Sunday, January 8, 2012

Nonfiction Writing

Good times in our Reading and Writing Workshop this past week.  We jumped into nonfiction studies.  I handed 2-3 nonfiction books to each reading partner with some Post-it notes.   I asked them to put the notes in areas of the book that looked different from the story books we have been reading.

I circulated the room and commented on those who found nonfiction text features. I did this is a slightly louder voice, so others quickly caught on. Once we came back together we charted the things we noticed.   After they left, I took some photo copies and re-wrote this chart.

 We then read a couple of nonfiction books about polar bears.
On day one we put our facts down in light blue.  On day two (book two) we added new facts in darker blue.  It is hard to tell in this picture, but it is a great way for us to check our schema and monitor our learning.


I then set out to write my own nonfiction text. I modeled going back to the above chart over and over.

Here is the book I wrote with my kiddos.






 We also worked in a little polar bear action into my morning message  (which was a Riddle of the Day). It is a great way to work in inferential thinking!


I get my riddles here.
Click on the image to find this book on Amazon

 Sadly, I do not have any student samples to show you.  I had three students start a piece of nonfiction writing, but we only had a few days to work on it, so it would be premature to show it.  However, I am confident some, if not most, of my other students will jump on board and start one this week.

I will keep you posted!!!

15 comments:

  1. This is too cute. I especially love the page where you drew the bubbles of the things the polar bear eats. I think your drawings rock. I always tell my class "Ms. Fleming is a teacher not an artist!"

    Where do you get your riddles or do you make them up? Thanks.
    Randi @ Teach It With Class
    My TPT Store
    My Facebook Page

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  2. Wow! What wonderful ideas!
    I love:
    - the two colours used when charting facts
    - the illustrative tools for sharing ideas

    Thank you so much for sharing!

    http://learning-new-words.blogspot.com/

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  3. Love this! You draw very well, I am always impressed with your little books. The last time I drew some people on our morning message my students shouted "Yay! Aliens!" I just went with it, of course I was trying to draw aliens! LOL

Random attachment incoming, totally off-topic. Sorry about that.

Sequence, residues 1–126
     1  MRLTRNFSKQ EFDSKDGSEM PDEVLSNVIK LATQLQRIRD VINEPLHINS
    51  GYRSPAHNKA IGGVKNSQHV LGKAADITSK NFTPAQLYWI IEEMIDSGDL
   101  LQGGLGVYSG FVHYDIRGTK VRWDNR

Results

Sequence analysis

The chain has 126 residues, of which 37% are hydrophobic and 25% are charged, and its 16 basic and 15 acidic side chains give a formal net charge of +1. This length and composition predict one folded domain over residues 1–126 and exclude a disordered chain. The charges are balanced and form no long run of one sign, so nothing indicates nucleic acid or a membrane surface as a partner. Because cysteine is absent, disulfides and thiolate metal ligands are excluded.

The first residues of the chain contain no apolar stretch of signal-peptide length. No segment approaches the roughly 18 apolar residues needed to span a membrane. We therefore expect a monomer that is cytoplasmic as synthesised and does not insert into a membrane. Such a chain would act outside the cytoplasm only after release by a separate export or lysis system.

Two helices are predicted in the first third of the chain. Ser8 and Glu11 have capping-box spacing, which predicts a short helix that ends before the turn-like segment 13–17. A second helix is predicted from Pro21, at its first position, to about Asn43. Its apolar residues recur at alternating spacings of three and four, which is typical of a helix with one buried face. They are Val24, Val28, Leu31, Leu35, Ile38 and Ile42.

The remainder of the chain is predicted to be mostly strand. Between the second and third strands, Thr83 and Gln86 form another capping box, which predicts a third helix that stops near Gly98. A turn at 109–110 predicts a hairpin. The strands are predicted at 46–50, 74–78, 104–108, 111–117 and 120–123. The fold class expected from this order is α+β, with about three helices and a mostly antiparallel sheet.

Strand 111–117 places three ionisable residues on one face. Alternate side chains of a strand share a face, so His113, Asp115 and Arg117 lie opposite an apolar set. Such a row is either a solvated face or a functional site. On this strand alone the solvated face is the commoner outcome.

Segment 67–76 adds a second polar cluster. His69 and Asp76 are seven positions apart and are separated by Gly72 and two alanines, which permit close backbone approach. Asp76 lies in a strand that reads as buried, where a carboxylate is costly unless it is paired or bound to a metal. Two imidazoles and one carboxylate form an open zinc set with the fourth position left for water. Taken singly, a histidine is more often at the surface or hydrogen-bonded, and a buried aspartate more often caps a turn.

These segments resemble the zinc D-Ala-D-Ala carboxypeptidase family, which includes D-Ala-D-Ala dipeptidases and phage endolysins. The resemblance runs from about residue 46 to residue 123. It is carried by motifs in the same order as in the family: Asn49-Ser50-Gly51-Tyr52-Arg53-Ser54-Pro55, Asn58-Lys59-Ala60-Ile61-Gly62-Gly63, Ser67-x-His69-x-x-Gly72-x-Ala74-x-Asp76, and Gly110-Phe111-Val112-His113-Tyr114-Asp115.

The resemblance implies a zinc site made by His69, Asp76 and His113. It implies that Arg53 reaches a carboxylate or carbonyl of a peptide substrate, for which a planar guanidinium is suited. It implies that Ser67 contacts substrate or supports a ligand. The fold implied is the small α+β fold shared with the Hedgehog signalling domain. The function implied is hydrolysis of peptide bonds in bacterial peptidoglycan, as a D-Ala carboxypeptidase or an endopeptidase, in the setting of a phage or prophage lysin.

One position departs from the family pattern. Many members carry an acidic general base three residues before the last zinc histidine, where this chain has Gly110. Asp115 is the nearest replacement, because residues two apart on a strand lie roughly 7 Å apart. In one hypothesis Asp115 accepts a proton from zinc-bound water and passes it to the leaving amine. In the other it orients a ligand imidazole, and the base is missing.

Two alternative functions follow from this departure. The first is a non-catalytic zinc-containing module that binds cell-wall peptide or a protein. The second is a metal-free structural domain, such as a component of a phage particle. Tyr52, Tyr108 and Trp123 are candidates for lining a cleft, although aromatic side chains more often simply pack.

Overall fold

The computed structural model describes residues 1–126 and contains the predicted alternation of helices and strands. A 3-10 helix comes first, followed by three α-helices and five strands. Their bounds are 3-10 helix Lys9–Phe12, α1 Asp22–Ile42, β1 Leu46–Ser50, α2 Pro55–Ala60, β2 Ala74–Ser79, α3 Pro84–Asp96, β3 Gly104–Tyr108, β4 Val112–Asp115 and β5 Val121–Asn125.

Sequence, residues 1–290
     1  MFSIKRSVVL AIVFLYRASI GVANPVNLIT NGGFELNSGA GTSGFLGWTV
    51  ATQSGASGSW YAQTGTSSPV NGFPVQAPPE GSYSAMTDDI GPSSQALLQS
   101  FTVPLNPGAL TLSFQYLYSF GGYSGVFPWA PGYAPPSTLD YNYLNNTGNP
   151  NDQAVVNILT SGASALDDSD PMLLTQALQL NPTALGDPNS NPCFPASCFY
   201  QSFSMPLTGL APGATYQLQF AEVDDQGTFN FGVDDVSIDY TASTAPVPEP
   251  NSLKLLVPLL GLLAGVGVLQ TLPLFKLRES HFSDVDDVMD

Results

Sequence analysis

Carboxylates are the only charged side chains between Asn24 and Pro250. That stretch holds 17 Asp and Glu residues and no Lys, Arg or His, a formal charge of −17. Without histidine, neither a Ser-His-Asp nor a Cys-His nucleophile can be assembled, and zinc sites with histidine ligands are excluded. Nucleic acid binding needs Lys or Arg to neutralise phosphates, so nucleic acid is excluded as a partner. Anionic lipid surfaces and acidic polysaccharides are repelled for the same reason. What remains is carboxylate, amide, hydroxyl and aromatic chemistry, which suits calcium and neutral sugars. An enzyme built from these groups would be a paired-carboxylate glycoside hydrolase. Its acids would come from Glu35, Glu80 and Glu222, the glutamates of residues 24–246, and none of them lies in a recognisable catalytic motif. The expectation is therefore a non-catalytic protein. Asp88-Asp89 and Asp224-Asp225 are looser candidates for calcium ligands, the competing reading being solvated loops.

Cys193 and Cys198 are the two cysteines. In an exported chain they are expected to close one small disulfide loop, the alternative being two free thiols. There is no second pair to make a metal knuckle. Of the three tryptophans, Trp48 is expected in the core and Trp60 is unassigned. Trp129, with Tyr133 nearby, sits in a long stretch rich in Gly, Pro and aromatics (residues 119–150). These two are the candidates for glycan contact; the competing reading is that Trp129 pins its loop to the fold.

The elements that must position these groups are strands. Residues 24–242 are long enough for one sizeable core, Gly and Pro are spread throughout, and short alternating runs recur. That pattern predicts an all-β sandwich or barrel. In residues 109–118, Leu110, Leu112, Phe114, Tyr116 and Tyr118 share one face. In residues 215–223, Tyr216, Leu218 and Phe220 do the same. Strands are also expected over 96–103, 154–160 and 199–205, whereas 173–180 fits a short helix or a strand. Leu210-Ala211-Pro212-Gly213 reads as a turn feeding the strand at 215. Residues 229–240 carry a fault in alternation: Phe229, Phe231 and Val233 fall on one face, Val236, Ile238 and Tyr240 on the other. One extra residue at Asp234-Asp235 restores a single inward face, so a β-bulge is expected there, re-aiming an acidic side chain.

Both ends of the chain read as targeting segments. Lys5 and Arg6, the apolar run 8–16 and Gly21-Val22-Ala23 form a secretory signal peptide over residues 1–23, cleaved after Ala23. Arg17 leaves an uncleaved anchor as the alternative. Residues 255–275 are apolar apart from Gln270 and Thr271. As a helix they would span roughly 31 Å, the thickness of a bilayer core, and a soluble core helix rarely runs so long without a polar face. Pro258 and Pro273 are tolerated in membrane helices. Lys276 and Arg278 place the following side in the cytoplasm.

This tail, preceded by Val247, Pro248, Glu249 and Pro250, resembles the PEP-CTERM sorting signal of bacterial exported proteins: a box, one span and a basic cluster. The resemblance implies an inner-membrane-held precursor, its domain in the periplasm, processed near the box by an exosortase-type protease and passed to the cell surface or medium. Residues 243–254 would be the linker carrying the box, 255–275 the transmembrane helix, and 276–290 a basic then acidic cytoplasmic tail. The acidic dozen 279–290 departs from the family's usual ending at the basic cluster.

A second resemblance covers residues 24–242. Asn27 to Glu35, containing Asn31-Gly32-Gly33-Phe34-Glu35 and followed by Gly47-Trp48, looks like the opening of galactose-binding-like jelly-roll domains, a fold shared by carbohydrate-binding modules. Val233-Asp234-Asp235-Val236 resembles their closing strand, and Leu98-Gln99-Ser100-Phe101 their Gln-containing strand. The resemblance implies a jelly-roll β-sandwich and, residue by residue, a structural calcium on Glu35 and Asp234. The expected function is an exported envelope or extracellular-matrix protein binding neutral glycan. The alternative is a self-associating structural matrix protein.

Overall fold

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  4. I. LOVE. YOUR. WRITING. POSTS! They are so helpful and full of information.
    Ms. A

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  5. Thanks guys! Randi, I edited my post and added the Riddle of the Day source. I should have done that with the original post. I LOVE this book. We use it all year long.

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  6. I really need to make that anchor chart about non-fiction books!!!! I confuse my kiddos because I say non-fiction, but in the common core they call it informational. Do you just call it both?


    Great post!

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  7. Hi Deedee!
    I've been using a lot of your ideas in my writing block and it's been working great! When you write a book with your class do you just do a page a day with them? Do they all want to write about the same thing that you do??? That's one of the problems I'm facing. How do you encourage original ideas?
    Little Warriors

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  8. Hi Katie! Yes, I do a page a day with my kiddos. At first, my kids want to write what I write, but over time, they venture into their own ideas. This becomes a little trick (like right now) because I would like my class to write nonfiction, but they are still interested in their own stories.

    You know everyday you have kids bursting to tell you a story about something that happened in their life. I listen enthusiastically then say, "Oh my! You know, you could write about that." Parents tell me their child says the same thing to them at home."Oh Mom! I could write about this."

    My hope is that the kids write for themselves and not for me. I want them to write about the rich stories they have to tell. See you soon!

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  9. I bought the Riddle of the Day from Scholastic after you recommended it last year and love it! We are doing our non-fiction unit on penguins this week and the non-fiction anchor chart is genius! I always love reading your posts :) You are the BOMB!
    Erin
    Eberhart’s Explorers

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  10. What kinds of activities do you do with your polar bears? I am a new teacher and want to do a winter unit that is informational! Any tips or suggestions?!

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  11. I love your book! Compared to my drawings, you would definitely win a Caldecott - I can't even draw stick people very well! I also love the anchor chart on nonfiction - I might have to make one next week!
    Teachin' First

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  12. Deedee, I just LOVED this post... and all of your great non-fiction ideas. We just wrapped up our Non-Fiction writing unit. It was an awesome time of growth for my writers! : )

    You can check out my post (with a shout out to you!) here:
    Literacy and Laughter

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